Precompiled Razor View Using RazorGenerator MVC and PreCompiledViewEngine in MVC 4

A few days ago a question occured to me, can we share a single View across multiple projects? Yes in multiple projects. I thought about it and created a sample application to do that using RazorGenerator.Mvc.

A few days ago a question occured to me, can we share a single View across multiple projects? Yes in multiple projects. I thought about it and created a sample application to do that using RazorGenerator.Mvc.

Sharing Views among projects

ASP.NET MVC makes it very easy to share views within the same website. Multiple controller actions can reference the same view when the shared view lives in the same folder as the other views for that controller or in the website’s Shared folder. But how do you share views across projects?

Step 1: Create a MVC Web application as shown in the following image:



Step 2: Choose an internet template as shown in the following image:



First look at the MVCWebApp shown below:
 

Step 3: Create a Class Library and give name it "PreCompileViewLib".
 


First look at PreCompileViewLib as shown below:
 


Step 4: The Razor Single File Generator

The Razor Single File Generator is an open source Visual Studio extension that allows you to create reusable Razor views that aren’t tied to any specific website.

Installing the Razor Single File Generator

The Razor Single File Generator installer is available in the Visual Studio Extensions Gallery, to install kindly open the Visual Studio Extension Manager ("Tools" → "Extension Manager…") and search the OnlineGallery for “Razor Generator”.

Kindly follow these steps to install Razor Generator.
 


Click on the Extension manager and search for RazorGenerator.Mvc.or you may install it from NuGet in your ClassLibrary project.
 


After installing RazorGenerator.Mvc, the solution will look like the following image.
 


If you notice, RazorGenerator.Mvc.dll has been added to the PreCompiledView Class Library project along with the file RazorGeneratorMvcStart.cs under the App_Start folder.

Step 5: Now move ahead and install the PrecompiledMvcViewEngineContrib from NuGet as shown in the image below.

Or you may install it from the Package Manager Console using this command:

Install-Package PrecompiledMvcViewEngineContrib

Kindly refer to both of the following images to install it from NuGet Packages and the Package Manager Console.
 
 


Step 6: Create a structure as shown below in PreCompiledView to keep the view structure the same as the MVCWebApp project.
 


Note: I’ve deleted the Index.cshtml from the MVCWebApp project. Kindly refer to the image below:
 


Step 7: Creating reusable ASP.NET MVC views with the Razor Single File Generator is nearly the same as creating views within an ASP.NET MVC project itself. When you create a folder structure similar to the ~/Views folder convention that ASP.NET MVC expects, the only thing you need to do is associate the views with the Razor Single File Generator by setting each view’s Custom Tool property to RazorGenerator.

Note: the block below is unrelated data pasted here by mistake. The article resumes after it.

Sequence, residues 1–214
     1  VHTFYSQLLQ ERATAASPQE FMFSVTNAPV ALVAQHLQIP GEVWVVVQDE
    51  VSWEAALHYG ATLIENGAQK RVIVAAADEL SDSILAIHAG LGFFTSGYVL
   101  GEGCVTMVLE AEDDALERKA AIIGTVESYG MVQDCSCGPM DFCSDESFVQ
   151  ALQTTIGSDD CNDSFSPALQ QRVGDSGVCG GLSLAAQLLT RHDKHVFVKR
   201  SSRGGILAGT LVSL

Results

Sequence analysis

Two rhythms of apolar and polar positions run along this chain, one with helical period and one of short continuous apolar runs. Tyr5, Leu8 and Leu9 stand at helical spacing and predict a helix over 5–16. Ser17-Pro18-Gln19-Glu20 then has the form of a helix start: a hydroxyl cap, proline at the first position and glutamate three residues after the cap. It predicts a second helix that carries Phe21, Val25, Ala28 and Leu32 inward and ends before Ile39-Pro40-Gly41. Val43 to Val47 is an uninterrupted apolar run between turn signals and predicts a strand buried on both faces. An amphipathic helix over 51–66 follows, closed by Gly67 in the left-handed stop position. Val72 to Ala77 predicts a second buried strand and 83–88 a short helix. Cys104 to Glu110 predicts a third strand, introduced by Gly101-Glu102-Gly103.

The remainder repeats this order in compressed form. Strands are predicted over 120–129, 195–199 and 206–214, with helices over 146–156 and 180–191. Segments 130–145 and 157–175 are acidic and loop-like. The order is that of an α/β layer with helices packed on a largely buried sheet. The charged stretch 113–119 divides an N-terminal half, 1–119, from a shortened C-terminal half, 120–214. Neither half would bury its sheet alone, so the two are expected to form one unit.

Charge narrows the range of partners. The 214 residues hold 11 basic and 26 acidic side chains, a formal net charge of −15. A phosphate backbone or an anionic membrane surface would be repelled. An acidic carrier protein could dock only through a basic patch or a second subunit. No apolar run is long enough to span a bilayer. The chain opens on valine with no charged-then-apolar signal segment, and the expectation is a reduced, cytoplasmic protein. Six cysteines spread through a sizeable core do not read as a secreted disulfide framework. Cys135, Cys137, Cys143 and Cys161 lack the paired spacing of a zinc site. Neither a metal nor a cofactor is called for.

Now open up the properties for the Index.cshtml file and set its Custom Tool property to RazorGenerator, also shown in the following image:
 


Immediately after you specify the Custom Tool property, you should see that the Razor Single File Generator has generated the class Index.generated.cs, grouped underneath Index.cshtml (as shown in figure below).
 


We are almost done and now press F5 to see how it works.

I’ve set a breakpoint in RazorGeneratorMvcStart.cs to determine the mapping managed by the newly created ViewEngine.
 


After executing this line, kindly proceed and see that a new View Engine has been added to the existing list to handle the Precompiled View. It’s really awesome to manage Precompiled Views.
 


Press F5 and see the real output (its same as we have for the same application).
 


ASP.NET MVC now executes the precompiled Index.cshtml file from the class library, not caring that the file did not exist in its local ~/Views folder. But how did the PrecompiledMvcViewEngine know which view to render

Note: But how did the PrecompiledMvcViewEngine know which view to render? Though it may be surprising, PrecompiledMvcViewEngine still relies on the ASP.NET MVC Views folder convention, using relative file paths to locate the views. However, this is slightly misleading. The PrecompiledMvcViewEngine doesn’t look at physical files; it looks for the System.Web.WebPages.PageVirtualPathAttribute that the Razor Single File Generator adds to every view that it generates that includes the view’s relative file path. The following shows the first few lines of the sample view Index.cshtml that includes that

[System.Web.WebPages.PageVirtualPathAttribute ("~/Views/Home/Index.cshtml")]

public partial class Index : System.Web.Mvc.WebViewPage<dynamic>

Since the virtual path name is relative, whether the ~/Views/Home/Index.cshtml view resides in the ASP.NET MVC application or the class library project, its virtual path is the same. Thus, when the ASP.NET MVC application requests the Index view in the Home controller, the precompiledMvcViewEngine knows to use the precompiled Index.cshtml view registered with the virtual path ~/Views/Home/Index.cshtml

Conclusion

This can be a significant improvement in sites with many views as already compiled. Also, you no longer need to deploy the cshtml files at all, resulting in a smaller deployment file set.